For the past two weeks, my church in Orlando has been, like many churches around the world, hard at work responding to the coronavirus crisis:
How will we care for those affected by the virus? How will we continue our worshiping life, carry on leadership meetings, and handle a possible loss of financial support?
One of the tools helping us answer these questions has been technology. In fact, technology has been one of the only tools available to us in a time when local officials have asked us to stay home. So, we began livestreaming our liturgies and communicating daily with our congregation through emails and social media platforms. This has given all of us comfort and a needed (albeit disembodied and virtual) sense of connectedness during the uncertainty of this pandemic.
But I have to make a confession. A quiet unease has been lurking in my soul with every virtual worship service in which I participate. It’s a dissonance between the reality of the global pandemic and my (subconscious?) attempts, via technology, to keep my life as “normal” as possible, in the realms where such false normalcy is possible: my emotions, my relationships, and my spiritual life.
Let me explain.
Physically speaking, the truth of the tragedy facing our world is unavoidable: the entire globe has ceased to function. The six feet of physical distance between me and the person in line at the grocery store, not to mention the empty streets and closed businesses in my city, confronts me with this reality.
But, if I so choose, with technology, I can leave this bleak physical existence and, thanks to emotion-numbing Netflix series, small group FaceTime hang outs, and live-streamed worship, live relatively the same life I had before this whole thing started. Pandemic who?
Let me be clear. Technology isn’t the enemy. I’m no Luddite. I’ve read recent articles addressing these issues that sound, to my pastoral ears, unsafe on the one hand, or grumpy on the other. I’d prefer to avoid both postures, if possible. I believe technology is great until it becomes, like any gift of God, one more creative way we avoid the frailty of our humanity and the hunger of our souls; that is, our need for God.
But our use of technology the past few weeks has come dangerously close to the story of Job, whose friends repeatedly offered him cheap answers to the question of the overwhelming tragedy that had beset his life. Such answers were no doubt attractive options for Job in ending the tension he lived between a God who claimed to be good and the unspeakable tragedy that God allowed. (In the end, even God Himself refused to give Job explanations for the evil he had endured, opting instead to remind Job of the trustworthiness of His own authoritative identity as God, the maker of Heaven, Earth, and every mystery in between.)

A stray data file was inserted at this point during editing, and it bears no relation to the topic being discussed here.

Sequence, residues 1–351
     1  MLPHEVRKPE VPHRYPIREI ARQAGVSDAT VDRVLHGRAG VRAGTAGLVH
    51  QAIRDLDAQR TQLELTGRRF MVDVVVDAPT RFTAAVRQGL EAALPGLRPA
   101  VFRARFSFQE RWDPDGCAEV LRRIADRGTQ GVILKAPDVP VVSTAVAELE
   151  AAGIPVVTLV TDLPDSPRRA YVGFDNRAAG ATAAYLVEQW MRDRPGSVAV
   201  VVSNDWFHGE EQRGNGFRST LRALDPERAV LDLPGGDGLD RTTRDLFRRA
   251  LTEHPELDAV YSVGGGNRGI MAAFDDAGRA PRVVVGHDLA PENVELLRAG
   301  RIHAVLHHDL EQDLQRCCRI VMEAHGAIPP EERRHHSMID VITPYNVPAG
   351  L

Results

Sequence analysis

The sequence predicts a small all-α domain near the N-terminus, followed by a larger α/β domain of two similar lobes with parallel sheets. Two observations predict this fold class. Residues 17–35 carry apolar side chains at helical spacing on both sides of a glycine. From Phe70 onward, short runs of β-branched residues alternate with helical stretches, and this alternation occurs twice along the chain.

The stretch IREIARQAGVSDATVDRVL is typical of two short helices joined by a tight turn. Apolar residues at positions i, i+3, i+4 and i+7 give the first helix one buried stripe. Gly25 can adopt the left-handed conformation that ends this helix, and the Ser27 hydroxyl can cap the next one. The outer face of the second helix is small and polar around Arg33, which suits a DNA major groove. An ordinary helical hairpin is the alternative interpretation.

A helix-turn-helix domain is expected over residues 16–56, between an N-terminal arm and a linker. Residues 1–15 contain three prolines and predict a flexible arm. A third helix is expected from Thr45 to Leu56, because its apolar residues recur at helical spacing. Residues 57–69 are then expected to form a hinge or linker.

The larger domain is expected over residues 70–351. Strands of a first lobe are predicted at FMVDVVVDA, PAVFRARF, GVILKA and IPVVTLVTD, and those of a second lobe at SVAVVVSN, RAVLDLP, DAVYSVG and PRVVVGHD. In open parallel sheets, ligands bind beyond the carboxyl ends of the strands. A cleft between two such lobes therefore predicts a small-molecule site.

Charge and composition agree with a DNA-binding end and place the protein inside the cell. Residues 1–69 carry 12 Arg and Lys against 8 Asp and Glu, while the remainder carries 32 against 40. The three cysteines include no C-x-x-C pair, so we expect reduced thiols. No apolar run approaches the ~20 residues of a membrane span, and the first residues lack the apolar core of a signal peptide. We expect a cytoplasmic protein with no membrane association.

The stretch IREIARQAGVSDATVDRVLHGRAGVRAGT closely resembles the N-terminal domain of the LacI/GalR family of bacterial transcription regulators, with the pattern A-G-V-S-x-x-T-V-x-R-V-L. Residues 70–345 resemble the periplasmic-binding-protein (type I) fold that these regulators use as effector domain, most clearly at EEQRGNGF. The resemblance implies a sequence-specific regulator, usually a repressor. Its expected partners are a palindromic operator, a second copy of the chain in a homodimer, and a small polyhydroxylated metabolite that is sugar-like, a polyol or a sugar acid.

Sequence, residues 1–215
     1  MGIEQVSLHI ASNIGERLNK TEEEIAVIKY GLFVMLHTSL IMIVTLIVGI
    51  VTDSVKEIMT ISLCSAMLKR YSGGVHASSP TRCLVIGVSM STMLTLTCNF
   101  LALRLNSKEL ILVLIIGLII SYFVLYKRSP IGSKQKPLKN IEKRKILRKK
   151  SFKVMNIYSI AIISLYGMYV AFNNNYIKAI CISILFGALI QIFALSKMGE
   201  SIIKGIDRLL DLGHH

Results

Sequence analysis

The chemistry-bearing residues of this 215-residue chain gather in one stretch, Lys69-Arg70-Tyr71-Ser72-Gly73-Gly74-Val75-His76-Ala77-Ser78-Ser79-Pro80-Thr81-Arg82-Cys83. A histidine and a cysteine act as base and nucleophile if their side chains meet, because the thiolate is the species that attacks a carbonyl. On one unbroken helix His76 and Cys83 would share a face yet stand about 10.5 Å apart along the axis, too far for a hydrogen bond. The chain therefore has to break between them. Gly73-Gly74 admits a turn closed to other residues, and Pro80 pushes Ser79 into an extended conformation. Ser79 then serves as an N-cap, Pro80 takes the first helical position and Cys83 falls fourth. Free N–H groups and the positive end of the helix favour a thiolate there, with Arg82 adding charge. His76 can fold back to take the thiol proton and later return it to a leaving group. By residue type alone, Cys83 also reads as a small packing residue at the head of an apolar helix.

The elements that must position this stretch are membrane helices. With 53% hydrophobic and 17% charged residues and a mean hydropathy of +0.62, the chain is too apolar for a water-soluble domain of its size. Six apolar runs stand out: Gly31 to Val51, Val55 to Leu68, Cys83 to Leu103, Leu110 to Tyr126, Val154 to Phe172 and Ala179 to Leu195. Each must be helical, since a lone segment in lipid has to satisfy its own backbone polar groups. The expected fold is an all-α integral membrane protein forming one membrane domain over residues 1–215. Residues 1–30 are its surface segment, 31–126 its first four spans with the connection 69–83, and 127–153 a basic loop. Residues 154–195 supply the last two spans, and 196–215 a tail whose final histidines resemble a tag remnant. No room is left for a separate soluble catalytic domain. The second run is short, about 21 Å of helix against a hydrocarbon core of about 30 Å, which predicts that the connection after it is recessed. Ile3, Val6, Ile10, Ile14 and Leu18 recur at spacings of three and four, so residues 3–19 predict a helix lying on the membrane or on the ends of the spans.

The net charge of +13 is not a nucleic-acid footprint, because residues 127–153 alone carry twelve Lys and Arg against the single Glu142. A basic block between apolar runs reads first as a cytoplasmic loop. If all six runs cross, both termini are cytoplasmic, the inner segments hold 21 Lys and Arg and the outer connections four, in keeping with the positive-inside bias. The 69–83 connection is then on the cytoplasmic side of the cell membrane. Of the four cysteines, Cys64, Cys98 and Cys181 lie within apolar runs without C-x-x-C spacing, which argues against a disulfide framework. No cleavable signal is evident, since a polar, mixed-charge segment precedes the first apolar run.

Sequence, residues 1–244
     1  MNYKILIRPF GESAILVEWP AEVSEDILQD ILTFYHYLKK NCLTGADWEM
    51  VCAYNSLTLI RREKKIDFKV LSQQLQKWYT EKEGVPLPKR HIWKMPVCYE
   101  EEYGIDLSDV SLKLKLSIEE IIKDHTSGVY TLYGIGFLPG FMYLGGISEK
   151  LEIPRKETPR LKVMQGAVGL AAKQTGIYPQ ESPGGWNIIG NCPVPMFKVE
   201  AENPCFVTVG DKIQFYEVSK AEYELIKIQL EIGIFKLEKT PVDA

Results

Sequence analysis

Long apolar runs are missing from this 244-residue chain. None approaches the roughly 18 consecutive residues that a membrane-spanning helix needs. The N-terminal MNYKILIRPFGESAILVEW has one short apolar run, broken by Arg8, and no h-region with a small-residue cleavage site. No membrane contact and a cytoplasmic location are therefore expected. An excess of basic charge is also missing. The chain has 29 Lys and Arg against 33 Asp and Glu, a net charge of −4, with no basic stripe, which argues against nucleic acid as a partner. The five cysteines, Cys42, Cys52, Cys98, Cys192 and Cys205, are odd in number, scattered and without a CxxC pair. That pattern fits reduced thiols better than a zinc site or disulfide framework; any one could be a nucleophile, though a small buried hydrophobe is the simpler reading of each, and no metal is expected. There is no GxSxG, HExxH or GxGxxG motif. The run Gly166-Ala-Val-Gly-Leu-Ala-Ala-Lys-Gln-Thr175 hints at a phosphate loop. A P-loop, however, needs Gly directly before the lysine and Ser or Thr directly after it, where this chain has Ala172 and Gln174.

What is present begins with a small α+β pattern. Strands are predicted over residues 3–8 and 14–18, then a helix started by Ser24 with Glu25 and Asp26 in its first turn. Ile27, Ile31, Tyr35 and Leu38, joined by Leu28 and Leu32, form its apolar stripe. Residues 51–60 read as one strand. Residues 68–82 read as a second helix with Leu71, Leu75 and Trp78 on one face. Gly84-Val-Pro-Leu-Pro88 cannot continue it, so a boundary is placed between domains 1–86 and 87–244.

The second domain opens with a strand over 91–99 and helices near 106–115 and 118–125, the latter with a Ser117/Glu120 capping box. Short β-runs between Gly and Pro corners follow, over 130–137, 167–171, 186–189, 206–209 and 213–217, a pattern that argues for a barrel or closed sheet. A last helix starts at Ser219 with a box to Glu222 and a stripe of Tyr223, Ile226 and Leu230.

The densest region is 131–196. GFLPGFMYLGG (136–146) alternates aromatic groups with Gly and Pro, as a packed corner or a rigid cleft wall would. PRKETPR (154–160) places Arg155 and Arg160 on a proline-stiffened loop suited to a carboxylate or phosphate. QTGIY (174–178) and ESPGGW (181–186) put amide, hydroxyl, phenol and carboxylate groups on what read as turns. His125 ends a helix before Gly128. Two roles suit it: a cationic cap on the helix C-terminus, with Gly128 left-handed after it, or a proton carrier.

Aren’t Christians people who tell the truth, as best we can, according to God’s word, about ourselves, our world, and about God? To lose this calling is to lose ourselves and our mission, right? This was the kind of prophetic calling that Flannery O’Connor embraced. She awakened readers to their universal need for God’s grace by refusing to shield them from the violence and grotesque brokenness of a world in need of a savior. In the face of COVID-19, I believe this is now our calling, too.
What if this pandemic is offering us, as Christians, an opportunity to show the world not how to avoid human pain, but how to process it with honesty, endurance, sacrifice, Christ-like compassion, and most importantly, the hope of eternal life offered in Jesus Christ?
Normally, in these articles, my thoughts would end here. If you’ve had your fill, stop now! If, on the other hand, you want one (admittedly technology-addicted person’s) practical suggestion for moving into the days ahead, read on. It’s actually just one word.
Grieve because the overwhelming presence of laments in the book of Psalms, more than any other genre, are instructive for us in all times of life, but especially during a global human crisis. Psalm 4, for instance, is a Psalm of Lament prayed in the liturgy of Compline right before sleep.
Grieve because “Jesus wept.” This verse of Scripture, infamous for its brevity, is a profound statement about dealing with tragedy honestly as the beloved people of God. Be sure to read the context of the verse- that wonderfully moving story of Jesus raising Lazarus from the dead. Incidentally (providentially), this was the gospel story assigned to be read in many churches all around the world this past Sunday, March 29th!
Finally, grieve because sadness is what healthy humans do with tragedy in a fallen world. Grieving evil will actually move you toward sanity, toward healthy relationships, and toward intimacy with God.
"Sadness signals change…It is an intermediate emotion, a feeling that is going somewhere. Like a seventh or a ninth chord in music, it is rich in subtle tones that tend toward resolution, lean toward home. This is what distinguishes sadness from moroseness, self-pity, or depression, all of which have a feeling of stuckness. Sadness is always in motion in the backfield. You will know the real thing by this sense of movement toward happiness. In photographs, crying and laughing are hard to tell apart.
Sadness is like that moment in a rainstorm when the rain has not yet stopped, but there is a perceptible brightening, and there comes that subtle change in the atmosphere signifying the imminence of a rainbow. Sadness is hopeful. Anger feels hard in the body, fear feels alien, and depression is like a dull poison. But sadness is at home in flesh and blood. It is a soft and relaxed presence, a comfortable garment for the heart."
Josh Bales is a singer-songwriter, mental health therapist, and priest at the Cathedral Church of St. Luke in Orlando, Fla.
Editor's Note: This article originally appeared on BreakPoint.